r Wilson Eyre, Jr., in an article in The Architectural Review for January, which has been alluded to in our issue for October, and from which we have borrowed the three charming illustrations reproduced from his drawings, speaks as follows of English domestic architecture:
“There is much to be seen from the railroad in the way of long rambling farmhouses and country houses of the modest kind, and there is much to be gained by studying these for use in our own domestic architecture; their average work is so much less pretentious, so much more homelike than ours; their surroundings are studied so carefully, the garden forming as much part of the house as the roof, and great pains being taken that the garden wall, hedges, terraces, the little tea houses, in fact all the immediate surroundings, should form a harmonious effect. Photographs and measured drawings of the well-known and monumental buildings are at hand whenever we need them, but no idea can be gained, except from personal study, of the completeness and fitness of the country houses and farmhouses and of their surroundings, their “flocks of gables,” the grouping and composition which through the most careful study arrive at the entirely unstudied and almost haphazard effect, and above all the impression produced that the building belongs to the spot upon which it is built and to no other. This is what makes the English domestic work better, to my mind, than any I have seen, and so well worthy of study, especially by our American architects.”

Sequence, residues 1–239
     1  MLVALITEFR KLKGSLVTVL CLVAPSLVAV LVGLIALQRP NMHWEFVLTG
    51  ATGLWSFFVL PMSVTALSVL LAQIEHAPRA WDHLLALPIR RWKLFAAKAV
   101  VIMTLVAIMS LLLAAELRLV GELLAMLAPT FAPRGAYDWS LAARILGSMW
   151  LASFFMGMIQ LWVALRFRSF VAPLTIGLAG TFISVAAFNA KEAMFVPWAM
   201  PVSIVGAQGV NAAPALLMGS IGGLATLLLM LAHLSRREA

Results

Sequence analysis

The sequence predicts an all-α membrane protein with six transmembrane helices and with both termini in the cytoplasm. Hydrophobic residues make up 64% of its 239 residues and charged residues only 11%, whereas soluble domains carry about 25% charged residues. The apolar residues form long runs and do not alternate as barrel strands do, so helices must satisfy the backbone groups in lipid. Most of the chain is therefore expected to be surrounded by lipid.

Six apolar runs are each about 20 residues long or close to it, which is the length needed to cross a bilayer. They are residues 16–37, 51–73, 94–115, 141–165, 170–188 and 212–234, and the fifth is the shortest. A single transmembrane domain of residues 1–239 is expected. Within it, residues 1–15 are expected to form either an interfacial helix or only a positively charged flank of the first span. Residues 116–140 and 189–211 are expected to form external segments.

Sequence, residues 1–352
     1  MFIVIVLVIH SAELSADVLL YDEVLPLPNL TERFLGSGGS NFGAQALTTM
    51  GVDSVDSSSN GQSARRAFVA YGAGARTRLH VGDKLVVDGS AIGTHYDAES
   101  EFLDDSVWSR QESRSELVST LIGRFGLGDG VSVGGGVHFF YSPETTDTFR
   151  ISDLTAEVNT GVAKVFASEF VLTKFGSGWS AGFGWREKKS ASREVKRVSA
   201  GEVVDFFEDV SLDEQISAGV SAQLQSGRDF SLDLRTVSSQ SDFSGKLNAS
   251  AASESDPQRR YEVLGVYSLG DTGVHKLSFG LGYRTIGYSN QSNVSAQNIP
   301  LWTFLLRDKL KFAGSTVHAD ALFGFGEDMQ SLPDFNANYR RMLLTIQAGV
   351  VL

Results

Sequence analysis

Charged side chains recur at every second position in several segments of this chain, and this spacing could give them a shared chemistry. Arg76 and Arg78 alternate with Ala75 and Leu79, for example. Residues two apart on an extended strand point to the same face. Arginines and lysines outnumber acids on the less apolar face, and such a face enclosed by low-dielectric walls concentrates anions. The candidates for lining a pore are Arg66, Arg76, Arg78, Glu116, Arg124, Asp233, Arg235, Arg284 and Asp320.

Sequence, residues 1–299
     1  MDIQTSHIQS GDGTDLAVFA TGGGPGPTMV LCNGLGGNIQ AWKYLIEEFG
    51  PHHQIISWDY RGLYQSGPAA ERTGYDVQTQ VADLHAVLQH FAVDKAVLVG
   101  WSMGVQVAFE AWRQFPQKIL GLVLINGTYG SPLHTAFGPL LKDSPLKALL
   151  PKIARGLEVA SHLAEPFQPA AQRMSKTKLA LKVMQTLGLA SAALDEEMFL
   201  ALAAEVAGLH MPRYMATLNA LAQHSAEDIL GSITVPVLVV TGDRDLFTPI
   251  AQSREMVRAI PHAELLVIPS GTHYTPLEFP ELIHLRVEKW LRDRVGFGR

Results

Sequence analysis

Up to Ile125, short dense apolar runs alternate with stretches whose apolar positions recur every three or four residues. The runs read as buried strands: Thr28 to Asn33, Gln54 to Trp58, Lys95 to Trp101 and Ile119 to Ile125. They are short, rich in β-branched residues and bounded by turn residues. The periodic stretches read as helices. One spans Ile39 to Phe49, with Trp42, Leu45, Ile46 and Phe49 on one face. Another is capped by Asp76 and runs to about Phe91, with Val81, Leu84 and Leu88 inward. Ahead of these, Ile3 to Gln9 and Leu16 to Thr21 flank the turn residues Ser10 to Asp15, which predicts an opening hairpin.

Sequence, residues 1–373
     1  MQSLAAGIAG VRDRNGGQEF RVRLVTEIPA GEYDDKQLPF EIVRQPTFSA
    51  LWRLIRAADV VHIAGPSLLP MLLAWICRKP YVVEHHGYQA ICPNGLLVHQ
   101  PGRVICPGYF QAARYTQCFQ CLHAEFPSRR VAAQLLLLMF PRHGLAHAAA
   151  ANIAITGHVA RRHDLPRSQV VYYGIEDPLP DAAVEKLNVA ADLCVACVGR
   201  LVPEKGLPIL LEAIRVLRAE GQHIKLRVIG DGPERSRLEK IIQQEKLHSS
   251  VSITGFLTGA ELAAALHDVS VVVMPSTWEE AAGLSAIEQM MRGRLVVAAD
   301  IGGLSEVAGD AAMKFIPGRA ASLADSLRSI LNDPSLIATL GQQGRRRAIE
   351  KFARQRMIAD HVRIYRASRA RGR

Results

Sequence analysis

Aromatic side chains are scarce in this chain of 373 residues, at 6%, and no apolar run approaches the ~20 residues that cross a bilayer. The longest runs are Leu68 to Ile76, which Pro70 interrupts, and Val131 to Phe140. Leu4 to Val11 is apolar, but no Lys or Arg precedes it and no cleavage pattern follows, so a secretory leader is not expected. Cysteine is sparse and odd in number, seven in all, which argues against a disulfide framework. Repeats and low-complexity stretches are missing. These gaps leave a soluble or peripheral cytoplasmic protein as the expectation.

The one distinguishing characteristic upon which all observers agree when comparing the houses of England with those of any other country is the importance given to the idea of a “home.” This idea of the family life, more fully carried out by the Anglo-Saxon race than by any other, has given rise to conditions differing essentially from those governing the domestic architecture of other races. As pointed out in the last issue in speaking of the country houses of France, the impulse to associate in communities has been a stronger power in moulding the domestic architecture of France than the desire to have an independent home. In England the isolated house is the type. The social unit is the family, and consequently the architectural unit is the “home.” The English character has given to the family an independence and privacy, a permanence and sacredness which are all reflected in the English houses, and it is this which makes them homes. The evidence of these characteristics is what has attracted Mr. Eyre and many other Americans besides, and will continue to do so for years to come.
English architecture is not all and never has been all of the sort here indicated, but where it departs from this type we feel the peculiar charm somewhat lacking. The early Saxon hut, the Norman castle, have each their especial interest, and we feel that the home has culminated in the Elizabethan and Tudor mansions and the simpler homes of later days which are adjusted to the needs of the family and suited to its surroundings, because built honestly with due regard to the necessities, and even if, as Ruskin says, their detail is abominable and there is no precedent, no right nor reason in the square drip moulding over the windows, yet we love them as a whole, and cannot help feeling that they expressed truly the story they were intended to tell....